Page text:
There are the two ‘fairy mounds’ in the flats above the Black Bridge, conical gravel moraines created I think from debris carried down through the ice by a moulin – a stream running down and into the glacier. A similar but much larger complex of mounds can be seen almost blocking the glen just west of Luibeg Cottage, as well as more moraine ridges running down the eastern side of Coire Craobh an Oir.
Then there are the terminal moraines. How many people walking up the track to Derry Lodge are aware of walking through at least two of these? Blithely walking through what was once a bulldozed ridge of rubble at the nose of a glacier, but conscious only of two kinks in the road as it negotiates raised, sandy ridges. And how many sitting outside Bob Scott’s Bothy realise when they look across the river they’re looking at a cross section through another terminal moraine, and sitting where once a great snout of glacier would have been tumbling lumps of stone and ice on their heads?
All these traces and so many more of events so deep in the past, which have shaped the landscape – and the ecology – we see today, add to the richness of the picture we have of time and place in the Cairngorms. And though it all may have happened tens of thousands or even millions of years ago, there are always reminders that there is no switch between ‘then’ and ‘now’ in the mountains, but a continuum, with changes started deep in the past still in motion; barely discernible at times, yet sometimes sudden. Visit the deepest recesses of the Garbh Choire, where, with few exceptions, snows still lie year round and you see and feel ground still unstable, with shifting screes at the foot of cliffs and every year fresh scree added from the rocks above. Or walk the granite blockfields and pancaked outcrops of the MacDui plateau and see the progression of splits and laminations as the bedrock even yet is prised and forced apart by the freeze and thaw of water. Walk the glens and corries and see where modern floods have caused slope failures in what seemed stable hillsides, weaknesses built-in in the distant past suddenly revealed.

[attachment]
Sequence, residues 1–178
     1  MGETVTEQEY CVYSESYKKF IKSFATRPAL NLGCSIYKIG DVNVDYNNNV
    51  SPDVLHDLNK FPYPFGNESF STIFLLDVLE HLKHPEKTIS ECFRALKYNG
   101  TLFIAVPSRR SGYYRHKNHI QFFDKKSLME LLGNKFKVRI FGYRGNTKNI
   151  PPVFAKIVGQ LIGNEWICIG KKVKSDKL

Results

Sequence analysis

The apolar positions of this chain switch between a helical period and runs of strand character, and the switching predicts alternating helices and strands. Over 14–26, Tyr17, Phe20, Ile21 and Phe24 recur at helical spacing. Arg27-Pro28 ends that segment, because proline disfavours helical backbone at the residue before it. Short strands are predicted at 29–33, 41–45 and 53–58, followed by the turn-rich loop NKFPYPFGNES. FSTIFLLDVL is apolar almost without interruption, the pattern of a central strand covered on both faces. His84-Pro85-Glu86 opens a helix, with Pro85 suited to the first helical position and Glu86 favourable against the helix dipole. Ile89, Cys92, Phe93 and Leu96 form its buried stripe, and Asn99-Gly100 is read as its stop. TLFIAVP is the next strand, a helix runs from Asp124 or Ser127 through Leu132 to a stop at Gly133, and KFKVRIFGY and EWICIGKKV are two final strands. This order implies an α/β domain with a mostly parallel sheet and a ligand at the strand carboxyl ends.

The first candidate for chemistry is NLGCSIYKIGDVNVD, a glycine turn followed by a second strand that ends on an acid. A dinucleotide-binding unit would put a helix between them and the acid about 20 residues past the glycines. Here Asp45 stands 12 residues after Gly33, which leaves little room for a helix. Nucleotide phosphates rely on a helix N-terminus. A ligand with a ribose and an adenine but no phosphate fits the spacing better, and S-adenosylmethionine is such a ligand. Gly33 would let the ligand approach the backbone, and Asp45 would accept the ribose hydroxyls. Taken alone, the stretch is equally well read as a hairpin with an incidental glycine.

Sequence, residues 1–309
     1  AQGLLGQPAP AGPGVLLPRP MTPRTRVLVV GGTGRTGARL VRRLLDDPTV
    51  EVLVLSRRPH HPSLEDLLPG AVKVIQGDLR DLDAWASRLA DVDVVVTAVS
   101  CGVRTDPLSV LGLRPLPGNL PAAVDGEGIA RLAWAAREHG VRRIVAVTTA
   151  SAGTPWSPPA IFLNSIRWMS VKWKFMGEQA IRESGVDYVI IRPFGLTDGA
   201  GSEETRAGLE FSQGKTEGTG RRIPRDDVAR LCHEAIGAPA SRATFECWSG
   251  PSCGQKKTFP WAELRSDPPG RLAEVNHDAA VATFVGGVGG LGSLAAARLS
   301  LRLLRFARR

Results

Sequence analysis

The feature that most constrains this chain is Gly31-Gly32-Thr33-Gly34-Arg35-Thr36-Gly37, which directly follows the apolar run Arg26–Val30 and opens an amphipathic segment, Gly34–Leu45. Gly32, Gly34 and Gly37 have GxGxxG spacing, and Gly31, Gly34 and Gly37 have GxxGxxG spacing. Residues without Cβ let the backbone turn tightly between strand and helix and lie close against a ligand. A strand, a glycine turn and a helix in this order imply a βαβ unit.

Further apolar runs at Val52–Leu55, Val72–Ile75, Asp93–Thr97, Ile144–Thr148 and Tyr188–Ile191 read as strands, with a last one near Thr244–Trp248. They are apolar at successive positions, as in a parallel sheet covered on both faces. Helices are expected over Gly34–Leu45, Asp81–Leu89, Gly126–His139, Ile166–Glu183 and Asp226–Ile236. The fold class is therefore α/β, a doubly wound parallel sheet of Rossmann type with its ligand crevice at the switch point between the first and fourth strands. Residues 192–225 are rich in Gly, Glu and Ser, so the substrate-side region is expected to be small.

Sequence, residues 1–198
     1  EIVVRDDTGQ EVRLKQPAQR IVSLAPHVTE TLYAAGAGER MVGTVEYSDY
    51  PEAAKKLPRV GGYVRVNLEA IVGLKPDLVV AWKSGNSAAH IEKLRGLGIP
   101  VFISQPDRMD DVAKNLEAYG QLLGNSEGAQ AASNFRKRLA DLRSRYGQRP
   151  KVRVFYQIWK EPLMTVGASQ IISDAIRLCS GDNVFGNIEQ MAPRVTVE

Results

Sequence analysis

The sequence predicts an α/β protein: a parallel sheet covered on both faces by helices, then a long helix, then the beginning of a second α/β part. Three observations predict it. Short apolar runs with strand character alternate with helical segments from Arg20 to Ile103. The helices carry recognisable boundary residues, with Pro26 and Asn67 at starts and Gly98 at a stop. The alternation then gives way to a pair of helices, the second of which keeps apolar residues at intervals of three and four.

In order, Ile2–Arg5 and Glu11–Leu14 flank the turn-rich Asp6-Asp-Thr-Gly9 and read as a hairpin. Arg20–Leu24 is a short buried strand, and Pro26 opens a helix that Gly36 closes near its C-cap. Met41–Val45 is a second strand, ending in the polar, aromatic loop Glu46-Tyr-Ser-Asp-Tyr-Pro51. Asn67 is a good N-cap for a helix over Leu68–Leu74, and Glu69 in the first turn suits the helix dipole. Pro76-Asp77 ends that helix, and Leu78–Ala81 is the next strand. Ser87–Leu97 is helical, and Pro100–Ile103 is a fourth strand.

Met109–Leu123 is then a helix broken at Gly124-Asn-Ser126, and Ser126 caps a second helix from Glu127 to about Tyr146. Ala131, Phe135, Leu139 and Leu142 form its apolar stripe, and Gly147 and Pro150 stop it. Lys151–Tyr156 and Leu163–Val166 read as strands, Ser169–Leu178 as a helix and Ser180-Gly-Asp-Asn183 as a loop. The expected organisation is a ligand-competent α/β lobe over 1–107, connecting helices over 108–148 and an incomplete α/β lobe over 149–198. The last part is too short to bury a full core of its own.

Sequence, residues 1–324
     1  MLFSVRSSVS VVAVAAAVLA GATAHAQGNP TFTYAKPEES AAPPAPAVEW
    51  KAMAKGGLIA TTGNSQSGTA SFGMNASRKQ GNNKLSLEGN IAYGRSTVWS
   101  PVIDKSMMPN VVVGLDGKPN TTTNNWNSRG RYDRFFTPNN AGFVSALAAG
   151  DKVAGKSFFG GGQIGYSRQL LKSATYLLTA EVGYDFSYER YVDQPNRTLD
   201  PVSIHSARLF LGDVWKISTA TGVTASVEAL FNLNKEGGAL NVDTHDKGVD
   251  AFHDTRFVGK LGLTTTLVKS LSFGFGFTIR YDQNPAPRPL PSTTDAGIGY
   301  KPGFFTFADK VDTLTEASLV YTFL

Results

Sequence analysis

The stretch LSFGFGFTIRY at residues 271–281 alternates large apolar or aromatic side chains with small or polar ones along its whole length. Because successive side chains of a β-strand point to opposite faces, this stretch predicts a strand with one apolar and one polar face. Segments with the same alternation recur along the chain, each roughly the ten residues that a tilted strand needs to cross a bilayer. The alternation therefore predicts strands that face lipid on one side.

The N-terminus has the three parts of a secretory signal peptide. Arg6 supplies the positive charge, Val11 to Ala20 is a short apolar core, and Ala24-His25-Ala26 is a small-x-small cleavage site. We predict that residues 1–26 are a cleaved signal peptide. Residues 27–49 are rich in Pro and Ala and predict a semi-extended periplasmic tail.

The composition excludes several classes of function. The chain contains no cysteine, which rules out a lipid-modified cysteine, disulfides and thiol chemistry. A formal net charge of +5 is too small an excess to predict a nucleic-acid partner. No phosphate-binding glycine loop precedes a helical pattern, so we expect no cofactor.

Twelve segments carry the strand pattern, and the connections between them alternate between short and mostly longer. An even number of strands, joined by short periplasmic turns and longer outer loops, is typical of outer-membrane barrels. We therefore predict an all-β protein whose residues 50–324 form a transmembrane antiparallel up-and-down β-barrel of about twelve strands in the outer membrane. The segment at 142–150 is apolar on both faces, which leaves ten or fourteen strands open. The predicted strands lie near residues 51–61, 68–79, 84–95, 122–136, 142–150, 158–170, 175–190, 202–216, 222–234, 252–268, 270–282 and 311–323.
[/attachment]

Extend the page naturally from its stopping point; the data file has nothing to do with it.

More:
I stood once on snow, enveloped in cloud, in the innermost bowl of the remote Garbh Choire Mor and, effectively blind, listened as the spring thaw brought rocks clicking and cracking down the cliffs, noises echoing in a corrie that suddenly felt so claustrophobic, that was still, I realised, being hollowed out from the mass of the mountain.
It’s times like that which make you realise that, no matter how much geologists and geomorphologists talk of the distant past, the mountains are still making and telling their stories today – if only we could understand better what their signs are saying.